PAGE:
Unorganised, lazy, carefree, dishevelled.....and probably drunk.
These were the words that used to spring to mind when I thought of university students.
Admittedly, this was probably a reflection of the three years I spent ‘furthering my education” at university in the UK in the late 1990’s. Back then your three years at uni were about heading as far away from home as possible and having a blast, gaining some ‘life skills’ and hopefully walking away with a half-decent degree.....in that order of priority!
I’ll put my hand up and admit that when I moved from the corporate world to the tertiary education sector five years ago, I arrived with some pretty strong stereotypes about students I would soon be working with.
How wrong I was.
Arriving at the University of Auckland Business School, I was stunned to encounter students who were smart, savvy, hyper-focussed and completely professional. They were far more likely to be drinking a soy decaf flat white than a bottle of Speights!
How on earth were the students able to afford all these coffees and cafe food.....not to mention the latest smart phone? As I got to know them, I found that the majority had at least one part-time job and many were working in summer internships, which often paid decent salaries. A large number were working as tutors and lab assistants on campus.
But they were often doing more than studying and working. Many were working for charities, community groups and not -for-profits. Some were spending hours each week running student clubs. All of this while still holding down stellar academic grades! These were well-rounded young people. This was a different breed of university student to the one I knew.
University students today are a really interesting bunch. Yes, they fulfil all the generational stereotypes of being ‘all about me’ and seeking instant gratification. But I’ve also found them to have very strong sense of ethics, community and environmental awareness. When meeting with graduate employers the students are usually as interested in their company culture and values as they are in whether they’ll get a company lap top and mobile phone.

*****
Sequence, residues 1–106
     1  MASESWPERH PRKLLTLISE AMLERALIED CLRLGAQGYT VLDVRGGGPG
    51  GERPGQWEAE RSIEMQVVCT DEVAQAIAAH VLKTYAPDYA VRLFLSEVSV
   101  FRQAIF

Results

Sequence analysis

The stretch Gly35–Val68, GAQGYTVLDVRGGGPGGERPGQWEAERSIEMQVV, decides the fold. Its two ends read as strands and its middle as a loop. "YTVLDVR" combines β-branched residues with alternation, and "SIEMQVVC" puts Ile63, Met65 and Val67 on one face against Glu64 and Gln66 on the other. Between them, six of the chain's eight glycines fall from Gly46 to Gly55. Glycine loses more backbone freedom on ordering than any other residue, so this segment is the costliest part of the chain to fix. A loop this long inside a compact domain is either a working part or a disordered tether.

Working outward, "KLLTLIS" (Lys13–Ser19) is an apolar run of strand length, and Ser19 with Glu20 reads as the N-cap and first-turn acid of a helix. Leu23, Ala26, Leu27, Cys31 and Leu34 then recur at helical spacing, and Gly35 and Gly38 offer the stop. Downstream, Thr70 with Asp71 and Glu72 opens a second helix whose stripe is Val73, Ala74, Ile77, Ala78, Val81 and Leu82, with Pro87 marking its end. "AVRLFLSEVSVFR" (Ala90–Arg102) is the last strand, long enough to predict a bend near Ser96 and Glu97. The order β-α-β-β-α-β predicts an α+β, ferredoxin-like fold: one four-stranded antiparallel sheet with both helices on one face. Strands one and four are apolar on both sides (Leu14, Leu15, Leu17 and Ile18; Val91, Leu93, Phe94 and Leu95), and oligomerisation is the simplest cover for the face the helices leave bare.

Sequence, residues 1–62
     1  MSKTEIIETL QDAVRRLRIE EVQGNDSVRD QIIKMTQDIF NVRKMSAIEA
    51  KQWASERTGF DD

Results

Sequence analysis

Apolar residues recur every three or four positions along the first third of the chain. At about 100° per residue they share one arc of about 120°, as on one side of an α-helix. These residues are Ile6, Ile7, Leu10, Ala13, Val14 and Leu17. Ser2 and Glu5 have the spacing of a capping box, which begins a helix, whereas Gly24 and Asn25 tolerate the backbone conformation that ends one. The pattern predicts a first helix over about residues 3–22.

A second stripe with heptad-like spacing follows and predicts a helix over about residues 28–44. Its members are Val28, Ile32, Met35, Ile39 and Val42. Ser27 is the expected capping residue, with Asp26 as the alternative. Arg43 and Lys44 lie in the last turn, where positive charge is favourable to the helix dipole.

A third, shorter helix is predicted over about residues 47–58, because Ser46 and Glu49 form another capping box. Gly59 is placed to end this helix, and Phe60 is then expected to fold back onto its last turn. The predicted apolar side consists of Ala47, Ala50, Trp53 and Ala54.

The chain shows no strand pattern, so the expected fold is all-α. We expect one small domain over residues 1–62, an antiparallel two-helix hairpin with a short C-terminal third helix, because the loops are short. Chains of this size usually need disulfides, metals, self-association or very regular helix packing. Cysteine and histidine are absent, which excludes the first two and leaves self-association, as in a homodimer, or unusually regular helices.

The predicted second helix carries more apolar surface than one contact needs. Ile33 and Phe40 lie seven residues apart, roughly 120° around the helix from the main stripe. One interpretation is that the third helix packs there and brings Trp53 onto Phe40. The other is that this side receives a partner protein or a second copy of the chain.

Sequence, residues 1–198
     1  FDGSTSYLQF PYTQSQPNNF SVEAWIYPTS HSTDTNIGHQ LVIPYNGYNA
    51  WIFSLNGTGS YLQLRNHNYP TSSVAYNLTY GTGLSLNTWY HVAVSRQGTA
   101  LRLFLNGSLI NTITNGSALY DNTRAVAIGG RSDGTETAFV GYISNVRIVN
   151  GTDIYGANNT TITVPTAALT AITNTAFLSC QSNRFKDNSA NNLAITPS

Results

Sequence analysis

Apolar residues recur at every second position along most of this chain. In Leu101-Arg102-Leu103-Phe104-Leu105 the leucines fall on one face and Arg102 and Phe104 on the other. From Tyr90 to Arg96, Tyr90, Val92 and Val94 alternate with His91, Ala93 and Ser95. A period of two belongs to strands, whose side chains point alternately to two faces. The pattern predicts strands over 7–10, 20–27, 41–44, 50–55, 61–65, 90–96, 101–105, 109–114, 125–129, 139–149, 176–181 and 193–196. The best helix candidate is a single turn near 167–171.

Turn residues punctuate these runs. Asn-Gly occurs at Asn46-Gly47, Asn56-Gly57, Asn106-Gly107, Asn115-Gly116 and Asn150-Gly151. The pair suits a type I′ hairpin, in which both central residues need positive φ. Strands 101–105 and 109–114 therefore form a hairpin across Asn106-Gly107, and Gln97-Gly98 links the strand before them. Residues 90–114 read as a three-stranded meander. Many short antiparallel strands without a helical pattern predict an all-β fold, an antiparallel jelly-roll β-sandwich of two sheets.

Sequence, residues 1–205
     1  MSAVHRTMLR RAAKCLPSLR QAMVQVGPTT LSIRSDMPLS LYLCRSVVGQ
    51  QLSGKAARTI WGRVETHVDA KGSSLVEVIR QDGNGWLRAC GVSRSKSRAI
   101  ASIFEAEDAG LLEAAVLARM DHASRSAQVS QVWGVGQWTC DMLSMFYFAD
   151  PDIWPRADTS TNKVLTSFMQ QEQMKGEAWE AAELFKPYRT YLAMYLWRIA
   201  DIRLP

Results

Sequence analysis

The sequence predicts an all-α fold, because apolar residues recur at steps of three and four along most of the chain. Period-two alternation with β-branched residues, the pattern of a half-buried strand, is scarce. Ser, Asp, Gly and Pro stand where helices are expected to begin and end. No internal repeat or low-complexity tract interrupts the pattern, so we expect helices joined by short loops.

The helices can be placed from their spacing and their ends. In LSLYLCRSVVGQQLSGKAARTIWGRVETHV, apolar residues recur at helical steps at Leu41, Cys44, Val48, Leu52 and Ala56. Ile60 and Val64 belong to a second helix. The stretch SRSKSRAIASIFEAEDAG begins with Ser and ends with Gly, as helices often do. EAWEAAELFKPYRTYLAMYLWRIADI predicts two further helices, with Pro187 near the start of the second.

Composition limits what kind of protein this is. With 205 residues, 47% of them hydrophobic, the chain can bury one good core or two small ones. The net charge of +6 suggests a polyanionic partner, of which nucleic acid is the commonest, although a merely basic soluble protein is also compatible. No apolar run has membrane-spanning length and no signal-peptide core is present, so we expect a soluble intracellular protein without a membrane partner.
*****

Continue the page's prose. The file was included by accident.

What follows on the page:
I’m aware I have painted a picture of this perfect group of uber-students. Reality of course means that there are a number of students at universities across New Zealand who are closer to my 1990’s stereotype than to those I have described above. I’m also aware that perhaps Business Schools attract a certain type of student. But what I would say is that overall the country has a significant pool of fantastic students who are talented, bright and will add value to any business - both now and in the future after they graduate.
Unfortunately, compared to their overseas counterparts, many New Zealand businesses are missing an amazing opportunity to utilise these bright young minds as interns and graduates. As the skills shortage intensifies over the coming years, employing young talent is a great way to add value to your business.
There are many things I love about my job, but at the forefront is working with this paradoxical but highly talented group of young people. I often tell those who bemoan the ‘youth of today’ that the future is in fact going to be in very safe hands…..possibly safer and more dynamic, ethical and equitable than we have ever known.
Keep an eye out for part two of our blog next week, where we highlight the benefits an intern can bring to your business.